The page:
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Creepypasta fascinates me for a variety of reasons, one of which is this: It’s no longer confined to the internet. The short story collection The Creepypasta Collection, Volume 2, edited by YouTube favorite MrCreepyPasta, recently hit shelves, so when a copy of it landed in my inbox, I was happy to check it out. In some respects, I’m sort of surprised that collections like this one haven’t become more common — although in others ways, perhaps that’s understandable. Authorship when it comes to creepypasta can be… tricky.

We’ll get to that in a bit, though. First, some details and my thoughts on this particular collection:

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Unresolved: Who Killed Sister Cathy? Baltimore, Archbishop Keough High School & The Murder Of Catherine Cesnik

Previously: Unfavorable Semicircle.

The story starts with a disappearance, and ends with a murder. Or does it? There was also a scandal, and abuse, and many secrets — some of which have since come to light, but some of which have remained shrouded in darkness. The murder is part of it, of course, but after all these years, the case still lacks a satisfactory conclusion. Among the many questions that have been left unanswered is this: Who killed Sister Cathy?

If you’re a regular reader of The Ghost In My Machine, I’d be willing to bet that you’ve already heard of the upcoming Netflix docuseries The Keepers. As indicated by the success of 2015’s Making A Murderer, an examination of the Steven Avery case which was 10 years in the making, as well as HBO’s The Jinx, also released in 2015 and which led to the arrest of Robert Durst, and the first season of the podcast Serial, about the murder of Hae Min Lee and released in 2014, public interest in true crime is at a high; as such, it’s to be expected that documentaries like The Keepers would continue the trend. Directed by Ryan White, this one will examine the 1969 disappearance and murder of Sister Catherine “Cathy” Cesnik, a nun who taught English and Drama at Baltimore’s Archbishop Keough High School — a disappearance and murder which have gone unsolved nearly 50 years later.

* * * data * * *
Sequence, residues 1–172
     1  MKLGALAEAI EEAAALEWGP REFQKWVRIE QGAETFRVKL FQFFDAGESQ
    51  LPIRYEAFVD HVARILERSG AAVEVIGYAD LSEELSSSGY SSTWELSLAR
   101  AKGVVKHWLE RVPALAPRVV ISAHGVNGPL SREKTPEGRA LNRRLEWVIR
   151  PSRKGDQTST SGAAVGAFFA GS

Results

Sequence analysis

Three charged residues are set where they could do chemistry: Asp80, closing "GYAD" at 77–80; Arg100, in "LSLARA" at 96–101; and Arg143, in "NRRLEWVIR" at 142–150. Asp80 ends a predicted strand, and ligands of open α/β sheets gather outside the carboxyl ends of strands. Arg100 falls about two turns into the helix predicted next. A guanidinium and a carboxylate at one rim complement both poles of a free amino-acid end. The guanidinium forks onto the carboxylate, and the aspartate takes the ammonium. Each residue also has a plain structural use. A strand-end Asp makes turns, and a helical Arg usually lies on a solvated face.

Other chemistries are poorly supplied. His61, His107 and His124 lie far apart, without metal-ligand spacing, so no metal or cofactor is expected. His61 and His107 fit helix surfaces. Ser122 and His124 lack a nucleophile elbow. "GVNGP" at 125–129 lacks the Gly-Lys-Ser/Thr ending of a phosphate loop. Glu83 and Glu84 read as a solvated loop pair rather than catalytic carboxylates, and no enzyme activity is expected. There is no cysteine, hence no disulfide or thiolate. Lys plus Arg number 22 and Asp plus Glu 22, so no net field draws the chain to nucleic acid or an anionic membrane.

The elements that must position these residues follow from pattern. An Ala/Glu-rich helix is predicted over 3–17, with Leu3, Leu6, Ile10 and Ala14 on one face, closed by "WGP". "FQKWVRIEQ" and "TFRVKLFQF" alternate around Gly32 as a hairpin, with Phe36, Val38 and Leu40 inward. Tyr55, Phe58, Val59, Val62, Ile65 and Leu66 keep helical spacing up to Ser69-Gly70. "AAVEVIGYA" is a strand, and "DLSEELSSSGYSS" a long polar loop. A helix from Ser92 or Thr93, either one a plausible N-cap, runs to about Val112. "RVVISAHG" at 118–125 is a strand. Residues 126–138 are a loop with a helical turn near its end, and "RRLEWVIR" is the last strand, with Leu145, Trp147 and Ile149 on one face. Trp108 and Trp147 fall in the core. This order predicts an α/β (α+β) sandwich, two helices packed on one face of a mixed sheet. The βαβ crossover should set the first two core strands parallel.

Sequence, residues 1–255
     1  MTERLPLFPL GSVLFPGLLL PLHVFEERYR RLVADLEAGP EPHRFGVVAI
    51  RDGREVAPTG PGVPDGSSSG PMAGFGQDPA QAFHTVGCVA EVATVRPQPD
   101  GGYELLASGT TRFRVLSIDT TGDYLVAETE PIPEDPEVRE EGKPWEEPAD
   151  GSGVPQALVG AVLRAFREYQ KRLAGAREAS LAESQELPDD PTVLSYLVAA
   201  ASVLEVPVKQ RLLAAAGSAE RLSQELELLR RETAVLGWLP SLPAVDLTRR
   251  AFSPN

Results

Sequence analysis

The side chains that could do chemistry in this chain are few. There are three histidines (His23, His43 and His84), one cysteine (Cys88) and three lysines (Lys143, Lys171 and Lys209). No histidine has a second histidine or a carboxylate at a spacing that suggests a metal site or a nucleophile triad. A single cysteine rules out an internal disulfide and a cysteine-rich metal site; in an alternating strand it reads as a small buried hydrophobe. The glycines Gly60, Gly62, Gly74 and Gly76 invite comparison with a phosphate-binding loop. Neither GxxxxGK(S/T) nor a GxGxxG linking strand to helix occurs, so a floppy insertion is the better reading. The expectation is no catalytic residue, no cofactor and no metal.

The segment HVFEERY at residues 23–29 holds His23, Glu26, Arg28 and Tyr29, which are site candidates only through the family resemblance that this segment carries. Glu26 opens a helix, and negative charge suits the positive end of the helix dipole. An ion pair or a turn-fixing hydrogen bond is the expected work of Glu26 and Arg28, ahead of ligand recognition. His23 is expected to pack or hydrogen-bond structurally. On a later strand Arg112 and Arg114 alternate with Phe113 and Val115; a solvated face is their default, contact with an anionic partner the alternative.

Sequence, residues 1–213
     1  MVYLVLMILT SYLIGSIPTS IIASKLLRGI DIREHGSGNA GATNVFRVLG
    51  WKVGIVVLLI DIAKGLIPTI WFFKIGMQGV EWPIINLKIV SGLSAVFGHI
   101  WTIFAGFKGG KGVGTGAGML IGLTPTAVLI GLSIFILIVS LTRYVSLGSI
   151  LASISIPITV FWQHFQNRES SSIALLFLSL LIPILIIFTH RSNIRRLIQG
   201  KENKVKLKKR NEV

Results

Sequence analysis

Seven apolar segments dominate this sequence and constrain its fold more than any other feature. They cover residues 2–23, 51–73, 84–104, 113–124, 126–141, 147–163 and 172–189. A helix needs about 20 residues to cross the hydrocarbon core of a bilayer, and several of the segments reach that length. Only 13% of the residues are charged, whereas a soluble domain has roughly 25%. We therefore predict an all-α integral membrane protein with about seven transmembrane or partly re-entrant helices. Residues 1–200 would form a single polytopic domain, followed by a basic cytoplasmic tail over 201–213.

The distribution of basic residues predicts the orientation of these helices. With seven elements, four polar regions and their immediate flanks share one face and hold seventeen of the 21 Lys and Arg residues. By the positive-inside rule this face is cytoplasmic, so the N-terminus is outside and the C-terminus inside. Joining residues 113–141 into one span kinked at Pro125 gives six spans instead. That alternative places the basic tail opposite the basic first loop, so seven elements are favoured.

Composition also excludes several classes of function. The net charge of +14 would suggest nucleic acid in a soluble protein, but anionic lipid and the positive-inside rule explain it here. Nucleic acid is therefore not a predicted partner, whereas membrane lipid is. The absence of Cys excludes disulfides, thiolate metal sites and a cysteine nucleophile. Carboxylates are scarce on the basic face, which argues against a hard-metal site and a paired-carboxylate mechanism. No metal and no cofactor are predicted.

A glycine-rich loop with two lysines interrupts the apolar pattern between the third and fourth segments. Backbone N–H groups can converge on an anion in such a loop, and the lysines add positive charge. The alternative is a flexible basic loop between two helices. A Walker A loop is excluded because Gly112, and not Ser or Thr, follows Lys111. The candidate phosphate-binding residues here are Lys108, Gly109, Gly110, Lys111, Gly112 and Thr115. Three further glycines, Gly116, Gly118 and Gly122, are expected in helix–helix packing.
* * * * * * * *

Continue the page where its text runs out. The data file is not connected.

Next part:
Since The Keepers is due to hit Netflix in just a few days — May 19, to be precise — now seems like a good time to revisit what we know.

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Creepypasta of the Week: “Suicidemouse.avi”

Previously: Classics, Vol. 1.

You probably already know “Suicidemouse.avi”; it’s an early creepypasta, and known for being the one that introduced the immensely popular “Lost Episode” subgenre of the form. It dates back to 2009, with the uploading of the video seen here and the circulation of a short tale to accompany it.

I took a deep dive — and I do mean a deeeeeep dive — into exactly what makes this one resonate as strongly as it does here, so head on over there if you want to get up close and personal with it. Or, just enjoy it for what it is by reading on.

It’s interesting how many notable creepypastas focus on Disney gone wrong, isn’t it?

So do any of you remember those Mickey Mouse cartoons from the 1930s? The ones that were just put out on DVD a few years ago? Well, I hear there is one that was unreleased to even the most avid classic Disney fans.

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Creepypastas of the Week: Classics, Vol. 1

Previously: “The Girl in the Drawing.”

Let’s do something a little different today: Instead of looking at one longer story, let’s explore a couple of shorter ones — all of which are creeypasta classics. They’re some of the earliest and/or most well-known examples of the genre; in most of the cases, we don’t know who wrote them or where they originally appeared, but they’re true creepypastas in that they’ve been copied and pasted time and time again, and thus shared so frequently that they’ve become part of the very fabric of web culture.